10. Hans Walter Wolff, Anthropology of the Old Testament (Philadelphia: Fortress, 1974), 46-47.

Second Reading

Commentary on Romans 8:12-25

Mary Hinkle Shore

In Greek, even more than in English, the word for “flesh” (sarx) points to something different from that to which the word for “body” (soma) points.1

This is certainly true as the apostle Paul uses the two words. Paul’s gospel is not about fleeing life in the body in favor of existence on a spiritual plane. When Romans 8 is read in worship, it may help to make this point, lest hearers dismiss Paul as an ancient prude or embrace him as a Gnostic guru.

In Paul’s writings, “flesh” almost always signifies a power, along with sin, that resists the Spirit of God and that must be vanquished if human beings–body and all–are to be free from what Paul calls “the bondage of decay” and obtain “the glorious freedom of God’s children” (Romans 8:21, NET). That glorious freedom is not freedom from the material world, but freedom within a restored creation. It is the freedom of an embodied life that reflects, as it had at the first, the image and glory of God (cf. Genesis 1:27). In Romans 8:12-25, Paul points to that freedom and describes what it is like to hope for such a thing here and now.

A cluster of words from the realm of family helps Paul describe the freedom that believers have in Christ and the relationships in which they now find themselves: sons, Abba, Father, children, adoption, heirs, joint heirs. The vocabulary describes relationships within a family and a household. Such language is not particularly common in Romans. Two times in the opening verses of the letter, Paul reminded his hearers of Jesus’ identity as a child of God. He defined God’s good news as “the gospel concerning his Son, who was … declared to be Son of God with power according to the spirit of holiness by resurrection from the dead” (Romans 1:3-4, NRSV). He refers to Jesus once more as Son in Romans 5:10.

Then, in Romans 8 Paul uses the words for “son” and “child” to refer not to Jesus, but to his siblings who are led by the Spirit. As “flesh” had referred to a power that enslaves humans and keeps them from participating in God’s glory, the Spirit is the power that frees and enlivens humans for a new identity as children of God.

To describe what it means to be children of God, Paul employs a series of compound verbs built on the preposition syn-. We are joint heirs with Christ, suffering with him, and being glorified with him. Readers should not fret over the conditional syntax in verse 17. It is a simple condition in which “since” could be used as well as “if” (cf. the translation of the same Greek word at Romans 8:9). The idea is not that anyone (including Christ) earns glory by suffering; rather, as Paul seeks to describe what it means to be a joint heir with Christ, he notes that the joint heir’s life is characterized by the same pattern that shaped Christ’s life. To be connected to Christ is to know humiliation and exaltation. To be a joint heir with Christ is share in Christ’s suffering, death, and resurrection.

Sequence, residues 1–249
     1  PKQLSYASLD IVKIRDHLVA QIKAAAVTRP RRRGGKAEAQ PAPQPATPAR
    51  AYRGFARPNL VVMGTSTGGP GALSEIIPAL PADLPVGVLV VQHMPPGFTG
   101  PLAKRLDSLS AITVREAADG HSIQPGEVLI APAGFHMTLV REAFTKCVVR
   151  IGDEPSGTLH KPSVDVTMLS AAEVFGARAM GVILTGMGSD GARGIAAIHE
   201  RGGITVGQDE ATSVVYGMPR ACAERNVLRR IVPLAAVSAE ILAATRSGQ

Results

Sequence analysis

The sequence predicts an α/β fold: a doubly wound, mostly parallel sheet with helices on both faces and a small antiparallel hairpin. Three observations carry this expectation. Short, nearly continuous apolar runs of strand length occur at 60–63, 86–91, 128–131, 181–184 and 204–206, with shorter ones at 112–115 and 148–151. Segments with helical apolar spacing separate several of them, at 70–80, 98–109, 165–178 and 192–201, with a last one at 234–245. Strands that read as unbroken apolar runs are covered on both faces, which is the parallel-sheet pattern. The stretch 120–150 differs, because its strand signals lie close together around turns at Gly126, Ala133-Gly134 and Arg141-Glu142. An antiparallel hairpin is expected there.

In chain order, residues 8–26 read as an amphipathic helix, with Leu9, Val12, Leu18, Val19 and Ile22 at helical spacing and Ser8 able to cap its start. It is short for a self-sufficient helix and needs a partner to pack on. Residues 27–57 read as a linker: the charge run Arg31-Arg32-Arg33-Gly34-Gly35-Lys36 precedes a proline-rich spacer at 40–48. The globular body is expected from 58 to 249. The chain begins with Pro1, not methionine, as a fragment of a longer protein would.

In the remaining verses of the reading, Paul talks as forthrightly as possible about the suffering of humanity and creation as together we await the revealing of what we are in Christ, that is, children of God. As syn- compounds had described our connection to Christ, now they describe the mutual suffering of all creation: the whole creation, Paul says, groans together and suffers together, “and not only the creation, but we ourselves, who have the first fruits of the Spirit, groan inwardly while we wait for adoption, the redemption of our bodies” (Romans 8:22-23). James Dunn names the solidarity among Christ, humans, and the rest of creation well when he observes, “Believers are being saved not from creation but with creation…. The sonship they are privileged to share in some sense with Christ, they in turn share in some sense with creation.”

The “eager expectation” Paul refers to in 8:19 is literally the act of craning the neck to get a better look at what is coming down the road. It is the upturned face of the farmer watching the sky before starting up the combine for harvest. It is the leaning forward of a woman on a train platform as she awaits a loved one’s arrival. Paul describes what we are expecting with phrases like “the revealing of the sons [and daughters] of God” (8:19), “the glorious freedom of God’s children” (8:21), “adoption,” and “the redemption of our bodies” (8:23). As we live between hoping for these things and actually seeing them, the tension between the two experiences becomes acute. Dunn again: “The gift of the Spirit reclaims the believer for God and begins or heightens the tension between human belonging to God and human entrancement with the world of human control and success, the warfare between Spirit and flesh” (87).

One of the causes of suffering for those who have received the Spirit of adoption (8:15) is that the Spirit has given us reason to hope for more than we can see. The definition of suffering will be broadened in verses 35-39 to include anything that threatens to separate us from God’s love. For now, the suffering Paul speaks of is suffering that comes from knowing what the world could be, even as we live in the world as it is. To borrow an image from the gospel reading for the day, the field was planted with good seed. It was going to be so beautiful as it grew to maturity, but an enemy sowed weeds among the wheat, and even as the crop matured, the field was a mess; the crop was threatened, and the workers nearly made things worse by trying to take control of the situation. At the owner’s insistence, the field hands endure the wait between weeds appearing and a crop maturing. “Redemption” in the parable of the weeds and wheat comes when the harvest results not only in grain but a batch of kindling besides. “He has both his wheat safe and some free kindling as well,” Dominic Crossan writes. “His enemy is doubly outwitted.”

The details of redemption for humanity and the rest of creation will probably be as surprising to us as the dual harvest of wheat and kindling was to the field hands. And certainly the wait often passes with excruciating slowness. Even so, with a mixture of eagerness and sheer endurance, we hope for what we do not see.


  1. Commentary first published on this site on July 17, 2011.